My Dear Readers,
Many of us are taught from birth that our parents have our best interests at heart. However, there may be times when our parents voice comments, statements or opinions that, although well intended, are actually harmful and can result in psychological wounds.
When such acts occur, there is the tendency for the adult child to walk away scarred and withdrawn. As much as we have mastered “honoring” our fathers and mothers, there is a heavy cost that both parents and adult children suffer when we focus on the well-meaning intent and ignore the emotional devastation that results as the outcome.
Below is such a story.
Dear Visible Man,
I am a 35-year old African-American woman who is originally from Memphis, TN. I have been in Seattle for about 9 years, and I’ve had a very successful career– I have my bachelor’s degree in computer science, and an MBA from a well-known school in the South. I’ve worked at multiple prestigious companies, I am a certified and known expert in my field, I’m now running my own business, and I’ve just moved into a lovely new home that really feels like my sanctuary.
The only thing that I do struggle with is my weight. My doctors say that I’m healthy, and I am athletic, playing many different sports. I will never be a slender girl– I’m just not built that way–but I would still like to slim down some.
Recently, I had a phone conversation with my mother, who I’m very close to. I confided in her that I was having some trouble getting the motivation to work out as hard as I have in the past, and after playfully chiding me about getting back on my routine, she says:
“Yeah, if you don’t lose that weight, you’ll probably never get a man.”
I replied, not taking her seriously: “Bah, whatever, if he doesn’t like me because of my weight, then he wasn’t meant for me anyway. I’ll be okay.”
She then says, bringing up my past boyfriends from YEARS back:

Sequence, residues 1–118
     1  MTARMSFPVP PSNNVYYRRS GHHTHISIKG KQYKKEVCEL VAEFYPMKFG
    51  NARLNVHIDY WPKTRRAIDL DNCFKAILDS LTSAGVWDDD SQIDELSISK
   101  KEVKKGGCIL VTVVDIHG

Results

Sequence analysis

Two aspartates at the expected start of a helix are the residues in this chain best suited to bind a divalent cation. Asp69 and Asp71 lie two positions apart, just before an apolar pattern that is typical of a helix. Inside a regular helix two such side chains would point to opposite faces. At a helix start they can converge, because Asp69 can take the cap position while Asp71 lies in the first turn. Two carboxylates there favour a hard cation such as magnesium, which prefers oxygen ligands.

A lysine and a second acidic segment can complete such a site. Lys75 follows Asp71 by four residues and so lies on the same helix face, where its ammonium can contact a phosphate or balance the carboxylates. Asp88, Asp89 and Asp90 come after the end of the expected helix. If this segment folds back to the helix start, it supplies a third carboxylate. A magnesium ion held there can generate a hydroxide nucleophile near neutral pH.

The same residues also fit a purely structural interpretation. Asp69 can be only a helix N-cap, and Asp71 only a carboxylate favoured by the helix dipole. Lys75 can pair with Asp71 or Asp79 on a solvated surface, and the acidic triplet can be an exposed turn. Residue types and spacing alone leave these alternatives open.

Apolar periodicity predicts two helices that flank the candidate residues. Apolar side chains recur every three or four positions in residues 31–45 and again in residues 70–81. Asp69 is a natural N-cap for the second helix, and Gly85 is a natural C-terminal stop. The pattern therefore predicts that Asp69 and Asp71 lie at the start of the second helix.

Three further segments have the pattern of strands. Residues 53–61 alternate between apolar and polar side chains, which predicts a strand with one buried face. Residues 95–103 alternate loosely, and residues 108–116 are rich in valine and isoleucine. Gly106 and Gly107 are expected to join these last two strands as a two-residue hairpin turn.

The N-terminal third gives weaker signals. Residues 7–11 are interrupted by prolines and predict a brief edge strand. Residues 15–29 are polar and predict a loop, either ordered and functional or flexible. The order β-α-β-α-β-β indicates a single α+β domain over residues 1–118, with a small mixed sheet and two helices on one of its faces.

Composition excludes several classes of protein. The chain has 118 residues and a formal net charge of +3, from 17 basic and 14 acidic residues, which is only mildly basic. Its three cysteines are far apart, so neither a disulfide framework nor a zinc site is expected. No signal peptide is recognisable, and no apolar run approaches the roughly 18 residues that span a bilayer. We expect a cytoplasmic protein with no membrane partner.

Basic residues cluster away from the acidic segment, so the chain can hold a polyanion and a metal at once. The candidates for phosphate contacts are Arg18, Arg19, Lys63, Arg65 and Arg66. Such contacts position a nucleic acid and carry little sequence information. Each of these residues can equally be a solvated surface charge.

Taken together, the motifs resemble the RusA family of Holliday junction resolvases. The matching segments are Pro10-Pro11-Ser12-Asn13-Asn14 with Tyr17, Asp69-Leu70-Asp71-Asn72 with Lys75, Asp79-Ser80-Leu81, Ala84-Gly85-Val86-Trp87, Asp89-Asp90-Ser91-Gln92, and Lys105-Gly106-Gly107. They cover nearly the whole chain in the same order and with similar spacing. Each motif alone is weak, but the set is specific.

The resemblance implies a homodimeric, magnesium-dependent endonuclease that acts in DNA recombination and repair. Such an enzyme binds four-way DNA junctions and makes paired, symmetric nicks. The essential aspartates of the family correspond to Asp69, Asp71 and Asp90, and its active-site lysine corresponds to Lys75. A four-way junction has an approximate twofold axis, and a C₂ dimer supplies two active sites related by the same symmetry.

“Well, that’s why Robbie and Kelly didn’t want you, and I’m sure you’re bigger now than you were back then.”
It felt like I’d been slapped in the face and punched in the gut at the same time. I think I sputtered something about how I was big when I was in both of those relationships, and when she reiterated how I just HAD to be bigger now, I told her that I wanted to change the subject. We did, and struggled through a separate conversation before I made some kind of excuse to get off the phone.
If this wasn’t my mother, I would have cursed her most disgracefully and cut her off completely, like I do with others who offend or otherwise injure me. I have very advanced defense mechanisms, developed over years in the corporate world. But, because she’s my mom, I can’t bring myself to be disrespectful to her or to tell her that she’s hurt me because she will think I’m too sensitive.
So, I’ve been avoiding her. I called my sister and told her about it, and she said yeah, that she heard when my mom said it, and when she hung up the phone, my sister took her to task for it. She then sent me a funny YouTube video that she knew would cheer me up.
I still don’t want to talk to my mom, because I still feel really vulnerable and I don’t want to get blasted again. I’m not even sure she notices that I’m avoiding her. I’ve meditated and prayed on this, hoping that I won’t still hurt about it, but she basically preyed on my two biggest insecurities at the same time– things she KNEW would hurt me— and I’m not able to “let it go,” as you say in so many of your writings. I mean, does she really think that I have nothing else to offer besides a slim body? After everything I’ve accomplished?